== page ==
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Charlie Mazzilli’s three kids were constantly outgrowing soccer cleats and softball bats, creating two issues: what to do with the old equipment, and how to afford replacements?
Mazzilli, whose 26-year-old son, Charlie Jr., attends The Arc of Union County work center in Cranford, did some research and ultimately pitched his idea to Arc executives: open a retail store featuring used sports equipment. Better still, hire Arc members to staff the store and prep all merchandise for sale.
“I used to coach softball, basketball and soccer,’’ said Mazzilli, a member of the Arc Board of Directors. “I had all this stuff accumulated, and it was in good shape. I didn’t want to throw it away, especially because I know how expensive it is to try a new sport. I also love the work centers and wanted to keep our kids there busy. I realized they could clean the equipment that was donated, be productive and make some money.”
From that seed of an idea grew Green Sports NJ, a Cranford store that owes quite a bit of its success to the Entrepreneurial Training Initiative attended last winter by The Arc of Union County Executive Director Frank X. Caragher.
“We learned so much from the ETI program,” Caragher said. “There was such a diversity of people with different business ideas. They gave me great insight into what we needed to be successful, such as a strong business plan and credible business practices.”
Caragher took the lessons learned from his ETI classes back to Arc staff who would be involved with the store. “Frank came back after each session with so much great information," said Assistant Executive Director Lynn Lott. “We really were able to maximize the investment of time, money and effort that Frank put into the ETI program.”
Six Arc members, who have intellectual and developmental disabilities, have been trained to work in the store, where they do everything from clean windows and organize merchandise to assist customers and process credit card purchases. “We are hoping to move some people out of the store and into other jobs in the community so we can create more job openings. It will be an ongoing process,” Lott said.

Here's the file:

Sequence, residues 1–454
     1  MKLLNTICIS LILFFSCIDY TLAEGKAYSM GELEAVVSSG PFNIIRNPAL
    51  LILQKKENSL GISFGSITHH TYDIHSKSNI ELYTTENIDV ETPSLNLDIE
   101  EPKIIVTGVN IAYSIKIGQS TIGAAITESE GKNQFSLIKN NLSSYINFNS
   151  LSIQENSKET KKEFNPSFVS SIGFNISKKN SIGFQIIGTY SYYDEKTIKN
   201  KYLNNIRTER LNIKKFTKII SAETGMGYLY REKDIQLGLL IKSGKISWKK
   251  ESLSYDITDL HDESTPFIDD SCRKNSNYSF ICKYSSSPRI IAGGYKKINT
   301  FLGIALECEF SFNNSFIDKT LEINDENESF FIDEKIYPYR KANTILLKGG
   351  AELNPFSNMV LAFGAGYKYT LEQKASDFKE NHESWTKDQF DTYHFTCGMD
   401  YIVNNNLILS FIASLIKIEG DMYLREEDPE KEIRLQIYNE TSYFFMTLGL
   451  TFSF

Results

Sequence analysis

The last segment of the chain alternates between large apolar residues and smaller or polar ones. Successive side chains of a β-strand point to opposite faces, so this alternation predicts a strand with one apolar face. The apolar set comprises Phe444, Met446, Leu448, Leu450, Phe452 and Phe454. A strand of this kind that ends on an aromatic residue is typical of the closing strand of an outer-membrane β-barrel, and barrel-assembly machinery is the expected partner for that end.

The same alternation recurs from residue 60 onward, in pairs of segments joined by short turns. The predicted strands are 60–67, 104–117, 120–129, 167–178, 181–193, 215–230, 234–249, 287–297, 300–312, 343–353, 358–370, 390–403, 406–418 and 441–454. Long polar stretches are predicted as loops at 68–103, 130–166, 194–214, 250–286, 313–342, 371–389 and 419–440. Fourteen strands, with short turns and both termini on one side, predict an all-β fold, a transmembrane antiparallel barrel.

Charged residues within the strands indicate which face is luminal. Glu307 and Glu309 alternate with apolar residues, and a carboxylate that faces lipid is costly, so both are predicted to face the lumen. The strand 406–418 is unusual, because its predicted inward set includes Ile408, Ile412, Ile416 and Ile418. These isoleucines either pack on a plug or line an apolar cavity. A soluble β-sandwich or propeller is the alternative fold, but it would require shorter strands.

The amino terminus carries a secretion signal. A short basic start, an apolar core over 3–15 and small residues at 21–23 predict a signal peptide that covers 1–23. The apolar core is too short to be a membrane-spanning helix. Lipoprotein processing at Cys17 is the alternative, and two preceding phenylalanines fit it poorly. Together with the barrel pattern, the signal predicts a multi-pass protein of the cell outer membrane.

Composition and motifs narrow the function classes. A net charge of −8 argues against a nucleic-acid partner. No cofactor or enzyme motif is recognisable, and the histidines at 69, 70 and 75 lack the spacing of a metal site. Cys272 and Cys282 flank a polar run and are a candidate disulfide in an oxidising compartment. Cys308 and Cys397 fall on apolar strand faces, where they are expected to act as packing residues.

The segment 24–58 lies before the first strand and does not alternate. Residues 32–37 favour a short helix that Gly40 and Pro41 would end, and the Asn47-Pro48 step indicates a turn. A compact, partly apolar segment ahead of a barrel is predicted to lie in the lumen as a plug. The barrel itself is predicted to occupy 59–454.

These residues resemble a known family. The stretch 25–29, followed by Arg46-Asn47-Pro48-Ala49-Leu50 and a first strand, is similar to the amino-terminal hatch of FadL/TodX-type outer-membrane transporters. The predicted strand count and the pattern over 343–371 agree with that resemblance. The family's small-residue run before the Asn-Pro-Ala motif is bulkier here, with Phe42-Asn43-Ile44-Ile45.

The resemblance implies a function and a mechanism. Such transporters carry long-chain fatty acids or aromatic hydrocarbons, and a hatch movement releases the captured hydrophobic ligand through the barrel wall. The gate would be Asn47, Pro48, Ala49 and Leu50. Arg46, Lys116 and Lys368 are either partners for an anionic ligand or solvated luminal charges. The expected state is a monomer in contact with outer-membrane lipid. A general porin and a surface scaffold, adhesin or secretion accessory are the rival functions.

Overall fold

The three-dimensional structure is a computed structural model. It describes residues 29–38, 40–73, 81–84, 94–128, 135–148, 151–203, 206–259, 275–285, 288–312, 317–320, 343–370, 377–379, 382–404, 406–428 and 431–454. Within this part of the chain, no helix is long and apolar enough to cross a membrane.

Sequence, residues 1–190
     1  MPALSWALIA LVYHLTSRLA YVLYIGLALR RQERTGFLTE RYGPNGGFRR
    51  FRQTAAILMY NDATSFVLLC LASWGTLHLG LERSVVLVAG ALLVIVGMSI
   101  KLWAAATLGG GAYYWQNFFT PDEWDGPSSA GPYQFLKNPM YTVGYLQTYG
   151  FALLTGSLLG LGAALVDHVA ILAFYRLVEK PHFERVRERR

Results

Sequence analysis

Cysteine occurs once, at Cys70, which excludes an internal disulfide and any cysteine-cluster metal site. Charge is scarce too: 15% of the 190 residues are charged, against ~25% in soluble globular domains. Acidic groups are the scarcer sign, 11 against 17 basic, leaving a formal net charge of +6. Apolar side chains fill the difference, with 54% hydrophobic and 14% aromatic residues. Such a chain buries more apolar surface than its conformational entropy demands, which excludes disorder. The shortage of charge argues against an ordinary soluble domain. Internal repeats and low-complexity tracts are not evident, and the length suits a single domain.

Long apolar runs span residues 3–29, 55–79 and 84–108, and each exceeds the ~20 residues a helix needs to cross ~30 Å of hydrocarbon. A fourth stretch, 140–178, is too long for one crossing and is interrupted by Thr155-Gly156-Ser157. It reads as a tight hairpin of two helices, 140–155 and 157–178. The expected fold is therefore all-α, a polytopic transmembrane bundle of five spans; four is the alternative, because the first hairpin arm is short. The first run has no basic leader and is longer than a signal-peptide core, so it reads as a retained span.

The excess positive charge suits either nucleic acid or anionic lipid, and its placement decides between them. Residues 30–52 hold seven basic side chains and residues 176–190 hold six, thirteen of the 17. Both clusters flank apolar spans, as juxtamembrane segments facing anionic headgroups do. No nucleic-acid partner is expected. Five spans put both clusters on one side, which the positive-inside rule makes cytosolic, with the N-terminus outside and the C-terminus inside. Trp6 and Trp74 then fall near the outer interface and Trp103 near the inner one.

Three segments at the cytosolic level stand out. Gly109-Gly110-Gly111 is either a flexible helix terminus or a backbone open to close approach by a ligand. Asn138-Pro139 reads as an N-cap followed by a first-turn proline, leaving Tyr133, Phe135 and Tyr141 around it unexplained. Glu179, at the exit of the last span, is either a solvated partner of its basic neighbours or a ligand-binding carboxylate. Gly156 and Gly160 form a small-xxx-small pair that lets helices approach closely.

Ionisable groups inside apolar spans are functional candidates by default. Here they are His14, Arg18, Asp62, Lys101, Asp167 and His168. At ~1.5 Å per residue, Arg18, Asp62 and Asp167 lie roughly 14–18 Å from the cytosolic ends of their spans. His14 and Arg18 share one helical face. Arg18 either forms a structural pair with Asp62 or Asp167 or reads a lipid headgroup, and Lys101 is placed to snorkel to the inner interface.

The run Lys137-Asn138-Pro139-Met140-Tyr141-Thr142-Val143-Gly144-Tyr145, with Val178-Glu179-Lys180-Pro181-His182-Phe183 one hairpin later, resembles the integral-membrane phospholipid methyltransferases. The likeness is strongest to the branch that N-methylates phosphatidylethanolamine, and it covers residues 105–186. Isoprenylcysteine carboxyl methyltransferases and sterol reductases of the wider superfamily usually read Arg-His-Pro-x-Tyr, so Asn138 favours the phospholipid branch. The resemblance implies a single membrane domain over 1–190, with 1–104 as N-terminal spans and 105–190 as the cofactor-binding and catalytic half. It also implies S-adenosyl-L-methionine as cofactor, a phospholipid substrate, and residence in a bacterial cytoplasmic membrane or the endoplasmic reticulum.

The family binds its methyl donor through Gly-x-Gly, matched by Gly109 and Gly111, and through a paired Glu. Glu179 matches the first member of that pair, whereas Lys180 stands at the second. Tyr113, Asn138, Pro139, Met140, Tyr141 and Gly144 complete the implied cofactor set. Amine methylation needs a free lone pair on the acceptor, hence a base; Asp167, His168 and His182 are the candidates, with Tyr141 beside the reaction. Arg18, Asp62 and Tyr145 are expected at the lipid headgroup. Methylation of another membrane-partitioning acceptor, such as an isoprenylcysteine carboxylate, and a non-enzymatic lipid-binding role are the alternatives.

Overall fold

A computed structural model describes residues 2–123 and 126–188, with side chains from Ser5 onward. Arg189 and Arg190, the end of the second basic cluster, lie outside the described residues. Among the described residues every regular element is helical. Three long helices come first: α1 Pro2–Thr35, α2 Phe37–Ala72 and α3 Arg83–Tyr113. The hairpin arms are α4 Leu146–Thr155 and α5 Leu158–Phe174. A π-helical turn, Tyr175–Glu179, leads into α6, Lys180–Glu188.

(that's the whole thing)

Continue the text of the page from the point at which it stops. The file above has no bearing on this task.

Items sold in the store come largely from donations, including collections at schools and community centers, so customers know they are being good stewards of the environment while supporting a charitable organization.
“That was another idea we got from UCEDC: having something that appeals to people so they can feel good about shopping here,” Lott said.
Arc representatives also learned about financing options, including UCEDC short-term loans. Arc ultimately received a U.S. Department of Labor grant that covered start-up costs, but the organization might need to pursue a UCEDC loan for future costs, Caragher said. “The grant is done at the end of September, and we do not have enough income yet to be self-sustaining,” Lott said. “This is something the ETI program helped with, planning ahead. So we’re very cognizant now of where we are, where we are going and how much more we’re going to need.”
ETI recommended the right type of bank account to keep store finances separate from other Arc monies, and Caragher learned how to use social media and a website to drive interest in the store. The website is now being tweaked to allow online purchases soon.
When it came to finding the right location, the ETI program helped Caragher consider pros and cons for the corner the Arc ultimately selected. “They got us thinking about our marketplace,” Caragher said. “We are located in a busy pedestrian area so we get a lot of traffic, but there’s no parking. We had to decide if that would be O.K., so we looked into it and realized it would be O.K. It was just another thing ETI got us to think about.”
For more information on Green Sports NJ, visit www.greensportsnj.org.